The Collegian

Consider right timing for pets while in college

SUHYEON HAN

SUHYEON HAN

Emma Anderson

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While in college the idea of getting a new puppy or kitten can sound like a great idea. They are cute, cuddly, make great Instagram posts and can provide emotional support.

Pets also require a substantial amount of attention and are a big time commitment. So, it is important to evaluate whether you are really ready for one while in college. For junior journalism major Natalie Morris, it took years of wanting a dog before

she felt like the timing was right for her to get her Toy Poodle, Theo.

“Obviously living in dorms, I knew that getting a pet was not an option for me. So, when I finally moved into an apartment that was pet-friendly, I knew it was the right time,” Morris said.

For fifth-year senior nutrition dietetics and biology double major Allison Haltli, figuring out where she was allowed to have her cat, Mr. Finnegan, was one of the toughest parts.

“Not many places allow pets, so that is something I wish I would have known earlier,” Haltli said.

However, having the right living space is not the only thing to think about when considering getting a pet.

Pets also take a lot of time away from studying, hanging out away from home and general free time that you might have usually had because your new furry friend requires your attention and training, especially while they are still young.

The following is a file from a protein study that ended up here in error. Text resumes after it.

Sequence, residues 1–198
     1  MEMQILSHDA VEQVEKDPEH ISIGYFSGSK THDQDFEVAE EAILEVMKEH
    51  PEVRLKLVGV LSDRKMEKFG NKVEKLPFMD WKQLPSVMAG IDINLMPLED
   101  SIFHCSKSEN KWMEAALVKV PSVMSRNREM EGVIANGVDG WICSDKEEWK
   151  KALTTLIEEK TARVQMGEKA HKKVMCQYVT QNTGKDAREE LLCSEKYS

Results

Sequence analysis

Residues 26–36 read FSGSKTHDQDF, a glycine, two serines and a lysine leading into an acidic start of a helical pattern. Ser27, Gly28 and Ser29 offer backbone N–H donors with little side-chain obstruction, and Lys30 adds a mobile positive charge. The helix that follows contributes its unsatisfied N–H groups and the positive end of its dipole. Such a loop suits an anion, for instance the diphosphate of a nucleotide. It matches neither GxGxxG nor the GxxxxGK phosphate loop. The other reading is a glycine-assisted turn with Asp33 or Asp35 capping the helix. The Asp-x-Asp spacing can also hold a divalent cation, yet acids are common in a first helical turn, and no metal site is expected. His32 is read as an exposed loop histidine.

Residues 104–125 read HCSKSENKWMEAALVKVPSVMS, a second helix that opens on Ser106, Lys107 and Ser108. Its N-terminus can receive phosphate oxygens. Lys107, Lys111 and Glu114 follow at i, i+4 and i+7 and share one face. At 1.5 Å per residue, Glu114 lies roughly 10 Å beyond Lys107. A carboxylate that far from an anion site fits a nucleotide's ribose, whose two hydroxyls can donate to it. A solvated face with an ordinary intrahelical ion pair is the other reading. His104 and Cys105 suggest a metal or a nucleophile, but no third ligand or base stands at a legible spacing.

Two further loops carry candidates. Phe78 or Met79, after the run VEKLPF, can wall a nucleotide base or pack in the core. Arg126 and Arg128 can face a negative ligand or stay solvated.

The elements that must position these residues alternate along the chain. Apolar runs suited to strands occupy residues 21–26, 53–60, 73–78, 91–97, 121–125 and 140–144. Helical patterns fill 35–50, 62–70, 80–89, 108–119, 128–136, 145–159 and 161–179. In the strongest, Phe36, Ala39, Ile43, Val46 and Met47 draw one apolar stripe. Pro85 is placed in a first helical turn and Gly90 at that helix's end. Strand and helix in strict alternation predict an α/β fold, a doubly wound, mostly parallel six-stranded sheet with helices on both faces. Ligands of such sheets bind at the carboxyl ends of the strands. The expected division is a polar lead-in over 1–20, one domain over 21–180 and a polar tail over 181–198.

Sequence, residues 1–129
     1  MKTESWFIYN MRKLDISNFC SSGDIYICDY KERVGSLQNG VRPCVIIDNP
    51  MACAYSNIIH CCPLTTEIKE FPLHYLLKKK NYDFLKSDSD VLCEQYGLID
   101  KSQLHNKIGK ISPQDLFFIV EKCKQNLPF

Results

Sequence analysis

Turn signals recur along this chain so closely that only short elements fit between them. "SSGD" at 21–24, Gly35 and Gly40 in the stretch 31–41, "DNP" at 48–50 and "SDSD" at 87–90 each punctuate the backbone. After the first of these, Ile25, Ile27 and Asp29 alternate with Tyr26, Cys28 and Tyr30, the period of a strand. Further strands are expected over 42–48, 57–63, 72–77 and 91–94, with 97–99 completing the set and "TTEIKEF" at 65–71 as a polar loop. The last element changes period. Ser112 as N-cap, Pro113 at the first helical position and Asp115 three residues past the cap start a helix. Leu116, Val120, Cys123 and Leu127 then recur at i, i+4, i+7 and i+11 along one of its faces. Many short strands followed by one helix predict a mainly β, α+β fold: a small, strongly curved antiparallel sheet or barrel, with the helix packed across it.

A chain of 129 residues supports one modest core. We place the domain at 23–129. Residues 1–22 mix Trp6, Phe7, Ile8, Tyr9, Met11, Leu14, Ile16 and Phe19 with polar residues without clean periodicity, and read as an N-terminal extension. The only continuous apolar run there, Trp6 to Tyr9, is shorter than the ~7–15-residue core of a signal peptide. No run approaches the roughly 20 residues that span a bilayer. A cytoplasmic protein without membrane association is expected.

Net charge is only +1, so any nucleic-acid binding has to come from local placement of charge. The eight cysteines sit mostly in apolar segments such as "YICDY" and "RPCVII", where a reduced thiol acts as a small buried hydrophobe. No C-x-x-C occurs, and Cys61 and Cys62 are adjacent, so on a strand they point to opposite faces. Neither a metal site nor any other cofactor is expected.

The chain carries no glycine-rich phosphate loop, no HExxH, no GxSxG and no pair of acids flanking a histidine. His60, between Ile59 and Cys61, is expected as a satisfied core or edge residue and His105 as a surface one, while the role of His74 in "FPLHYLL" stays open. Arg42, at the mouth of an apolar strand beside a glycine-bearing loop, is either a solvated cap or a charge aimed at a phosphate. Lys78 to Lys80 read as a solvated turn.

“I feel like potty training is usually the number one problem for everyone,” Morris said. “Theo does well, but it took a lot of work to get him there. Even still, he sometimes has accidents and I have to remember he is just a baby.”

Having a pet while in school can sometimes conflict with the busy schedule that being a student generates. Allie Miller, a senior agricultural science major, adopted her Mini Lop rabbit, Jack, from the humane society about a year ago. Miller said she had a hard time leaving him when she leaves for long periods of time because of classes.

Although it takes a lot of work, having a pet can be extremely rewarding and enjoyable.

“He [Mr. Finnegan] brings such a positive vibe to the rooms and he is there when sometimes no one else is,” Haltli said.

The bottom line is pets should be well thought out before they become a part of your life because they take a lot of responsibility. If you get a pet before you’re ready it can lead to neglect or having to give it away which can be avoided.

“Just because they are a cute puppy, or any kind of animal, doesn’t mean they can’t make messes and be naughty sometimes. It is a time commitment, but it

can also be so worth it,” Miller said.

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Consider right timing for pets while in college